Added August 27, 2012: One of the many fun and frustrating things about Hou Hsiao-hsien’s films is that he never really makes it easy for you as a viewer to understand everything that’s unfolding as it happens. Often, only once a film is completed will all its elements begin to make sense. This effect is seen in miniature in a sequence from The Puppetmaster: after twenty minutes or so of scenes in which we witness a loving courtship between the protagonist Li Tien-lu and a pretty young courtesan, including an elaborate ruse in which she tests his fidelity by tempting him with another woman and which he passes with flying colors, we get a scene of Li himself narrating the next chapter in their story. At the very end of his interview, as an almost throwaway aside, he mentions that while he was seeing this woman, he had a wife and children back home in another city. Suddenly the romance is seen in a new light and the fidelity test becomes darkly ironic.
This narrative strategy necessarily makes it difficult to catch anything like every nuance of a film on a single viewing, and sometimes even basic plot or style elements can get jumbled in a confusion of memory and speculation. Hou’s films request and reward rewatches as much as any director I know. Which is to say, I wrote this after having seen Good Men, Good Women only once, and watching it again, I realize I was very much mistaken about this point.
The film within the film of Good Men, Good Women is shown throughout in a blue-tinged monochrome. What I initially thought were “actual” depictions of the historical events, though, I now am pretty sure are just “present day” footage of the rehearsals for the film Liang is undertaking. I believe the film’s present is in the rehearsal period for the film, as Liang is studying her character, reflecting on her past life with Ah-Wei and receiving mysterious faxes of her old diary entries. At one point, near the end of the film, as Liang’s character Chiang Bi-yu is mourning her executed husband in the film, the monochrome image bleeds into color. The is the climax of the film: when the film within the film merges with present day reality. Just as the film posits a fluidity in the relationship between past and present (and history and memory, as in most Hou films), this morphing creates a fluidity between cinema and reality, prefiguring some of the redemptive and transformative power cinema has in Hou’s later films like Millennium Mambo, Flight of the Red Balloon, and Café Lumière. ↩︎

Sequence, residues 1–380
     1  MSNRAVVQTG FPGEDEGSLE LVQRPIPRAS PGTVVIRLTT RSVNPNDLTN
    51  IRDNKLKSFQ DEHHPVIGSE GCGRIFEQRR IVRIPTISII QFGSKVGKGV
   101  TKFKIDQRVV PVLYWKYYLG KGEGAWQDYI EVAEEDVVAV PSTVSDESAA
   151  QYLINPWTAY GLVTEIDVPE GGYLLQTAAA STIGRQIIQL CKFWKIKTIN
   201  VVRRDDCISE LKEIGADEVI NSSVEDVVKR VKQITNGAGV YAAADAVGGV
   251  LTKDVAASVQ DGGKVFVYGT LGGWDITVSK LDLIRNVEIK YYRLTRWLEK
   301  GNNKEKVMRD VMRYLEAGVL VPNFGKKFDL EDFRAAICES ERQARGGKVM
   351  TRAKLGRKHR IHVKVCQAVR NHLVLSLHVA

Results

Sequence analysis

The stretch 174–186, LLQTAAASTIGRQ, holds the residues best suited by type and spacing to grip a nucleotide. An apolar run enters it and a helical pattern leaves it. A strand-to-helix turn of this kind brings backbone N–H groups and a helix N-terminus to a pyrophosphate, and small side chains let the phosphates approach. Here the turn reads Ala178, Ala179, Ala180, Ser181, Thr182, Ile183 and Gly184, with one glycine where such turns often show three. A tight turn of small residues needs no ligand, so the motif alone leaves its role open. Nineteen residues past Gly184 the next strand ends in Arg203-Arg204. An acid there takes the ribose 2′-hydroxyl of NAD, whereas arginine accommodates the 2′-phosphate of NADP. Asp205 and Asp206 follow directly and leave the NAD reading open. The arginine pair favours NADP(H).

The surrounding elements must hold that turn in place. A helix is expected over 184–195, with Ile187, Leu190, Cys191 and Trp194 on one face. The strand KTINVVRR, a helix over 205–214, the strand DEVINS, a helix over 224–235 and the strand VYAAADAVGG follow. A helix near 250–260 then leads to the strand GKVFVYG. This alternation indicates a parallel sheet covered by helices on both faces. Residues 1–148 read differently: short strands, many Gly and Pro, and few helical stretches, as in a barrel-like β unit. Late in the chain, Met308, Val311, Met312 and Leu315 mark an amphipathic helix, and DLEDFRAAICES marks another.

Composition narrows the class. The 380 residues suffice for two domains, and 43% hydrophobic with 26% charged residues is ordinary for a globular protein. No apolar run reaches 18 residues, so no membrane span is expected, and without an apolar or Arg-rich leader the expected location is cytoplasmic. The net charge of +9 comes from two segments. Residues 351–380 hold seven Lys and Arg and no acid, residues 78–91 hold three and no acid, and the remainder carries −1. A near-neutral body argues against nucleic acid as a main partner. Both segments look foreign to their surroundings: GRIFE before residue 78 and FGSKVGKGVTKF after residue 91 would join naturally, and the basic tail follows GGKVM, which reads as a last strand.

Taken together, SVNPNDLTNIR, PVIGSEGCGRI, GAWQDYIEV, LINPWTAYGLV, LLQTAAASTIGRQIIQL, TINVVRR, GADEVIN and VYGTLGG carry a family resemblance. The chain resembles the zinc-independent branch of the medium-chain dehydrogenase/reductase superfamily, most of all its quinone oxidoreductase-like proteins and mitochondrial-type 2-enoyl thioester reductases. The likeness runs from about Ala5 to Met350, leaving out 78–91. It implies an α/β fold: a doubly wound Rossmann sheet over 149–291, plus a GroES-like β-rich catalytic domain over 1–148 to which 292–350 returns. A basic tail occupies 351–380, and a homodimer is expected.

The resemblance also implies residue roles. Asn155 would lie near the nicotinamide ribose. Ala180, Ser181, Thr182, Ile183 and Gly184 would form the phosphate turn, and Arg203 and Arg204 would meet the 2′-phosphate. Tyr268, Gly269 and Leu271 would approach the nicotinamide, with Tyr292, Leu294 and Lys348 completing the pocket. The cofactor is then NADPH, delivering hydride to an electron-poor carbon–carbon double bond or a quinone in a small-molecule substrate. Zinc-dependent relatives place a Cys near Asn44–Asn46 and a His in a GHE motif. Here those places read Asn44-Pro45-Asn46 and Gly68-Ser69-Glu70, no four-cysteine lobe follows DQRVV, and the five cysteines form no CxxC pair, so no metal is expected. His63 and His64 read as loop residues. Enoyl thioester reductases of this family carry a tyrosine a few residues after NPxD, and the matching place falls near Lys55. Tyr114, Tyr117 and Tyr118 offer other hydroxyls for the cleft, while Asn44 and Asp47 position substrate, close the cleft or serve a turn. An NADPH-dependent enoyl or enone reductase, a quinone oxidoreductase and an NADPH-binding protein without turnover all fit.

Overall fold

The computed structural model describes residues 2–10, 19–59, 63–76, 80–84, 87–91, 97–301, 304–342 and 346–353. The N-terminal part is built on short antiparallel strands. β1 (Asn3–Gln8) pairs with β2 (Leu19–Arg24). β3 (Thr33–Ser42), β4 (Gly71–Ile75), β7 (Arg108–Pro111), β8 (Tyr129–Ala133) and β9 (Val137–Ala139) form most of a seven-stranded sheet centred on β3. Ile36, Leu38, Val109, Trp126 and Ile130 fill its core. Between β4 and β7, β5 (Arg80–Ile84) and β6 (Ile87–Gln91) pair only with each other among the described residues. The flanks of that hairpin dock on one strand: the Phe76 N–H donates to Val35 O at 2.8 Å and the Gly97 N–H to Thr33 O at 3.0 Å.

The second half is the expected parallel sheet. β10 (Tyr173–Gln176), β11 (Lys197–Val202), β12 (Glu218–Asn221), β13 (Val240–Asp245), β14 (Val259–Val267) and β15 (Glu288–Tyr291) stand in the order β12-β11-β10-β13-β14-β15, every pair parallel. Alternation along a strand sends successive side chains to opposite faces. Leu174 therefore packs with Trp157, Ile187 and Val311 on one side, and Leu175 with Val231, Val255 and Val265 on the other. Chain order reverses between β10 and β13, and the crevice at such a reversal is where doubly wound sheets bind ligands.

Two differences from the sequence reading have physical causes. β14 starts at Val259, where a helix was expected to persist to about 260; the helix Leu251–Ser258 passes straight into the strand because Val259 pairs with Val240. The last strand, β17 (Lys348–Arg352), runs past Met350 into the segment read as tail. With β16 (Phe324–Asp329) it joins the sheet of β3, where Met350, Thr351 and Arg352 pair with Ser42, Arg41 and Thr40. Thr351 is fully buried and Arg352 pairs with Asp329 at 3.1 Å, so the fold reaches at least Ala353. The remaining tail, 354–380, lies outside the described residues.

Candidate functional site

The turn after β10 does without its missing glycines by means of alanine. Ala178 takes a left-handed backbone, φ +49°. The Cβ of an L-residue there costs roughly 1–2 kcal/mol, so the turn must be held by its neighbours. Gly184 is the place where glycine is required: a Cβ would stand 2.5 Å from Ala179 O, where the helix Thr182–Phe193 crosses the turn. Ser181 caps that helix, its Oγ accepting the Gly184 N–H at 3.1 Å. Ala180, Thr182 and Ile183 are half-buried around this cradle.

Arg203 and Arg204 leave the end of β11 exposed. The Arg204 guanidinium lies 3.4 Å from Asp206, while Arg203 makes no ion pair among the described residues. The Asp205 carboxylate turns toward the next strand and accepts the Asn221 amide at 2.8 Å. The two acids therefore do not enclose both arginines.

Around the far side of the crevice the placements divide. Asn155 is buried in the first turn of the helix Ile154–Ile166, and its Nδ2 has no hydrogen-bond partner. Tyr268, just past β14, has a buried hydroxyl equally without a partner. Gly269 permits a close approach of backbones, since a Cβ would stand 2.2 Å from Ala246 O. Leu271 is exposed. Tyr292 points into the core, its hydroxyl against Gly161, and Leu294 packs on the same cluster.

Contrast this with Michael Haneke’s approach to a similar dynamic in Caché, where a bourgeois man is confronted with anonymous messages reminding him of a crime from his own past that is heavy-handedly symbolic of Haneke’s belief that the French should suffer collective guilt over their ancestors’ colonization of Algeria. Hou is sympathetic to his damaged, dissolute heroine and asserts cinema as a means to help her overcome her guilt and make her life a little happier; Haneke seeks to punish his hero and uses film as a means to assert our own complicity in his guilt and brutalize us, to “teach us a lesson”, in the process. ↩︎